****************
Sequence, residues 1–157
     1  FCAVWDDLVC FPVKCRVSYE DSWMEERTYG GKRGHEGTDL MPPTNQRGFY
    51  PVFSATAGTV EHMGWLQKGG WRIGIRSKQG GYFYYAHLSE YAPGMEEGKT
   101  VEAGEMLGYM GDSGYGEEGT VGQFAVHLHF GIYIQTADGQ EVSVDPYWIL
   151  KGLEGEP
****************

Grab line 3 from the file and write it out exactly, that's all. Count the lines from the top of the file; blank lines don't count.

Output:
    51  PVFSATAGTV EHMGWLQKGG WRIGIRSKQG GYFYYAHLSE YAPGMEEGKT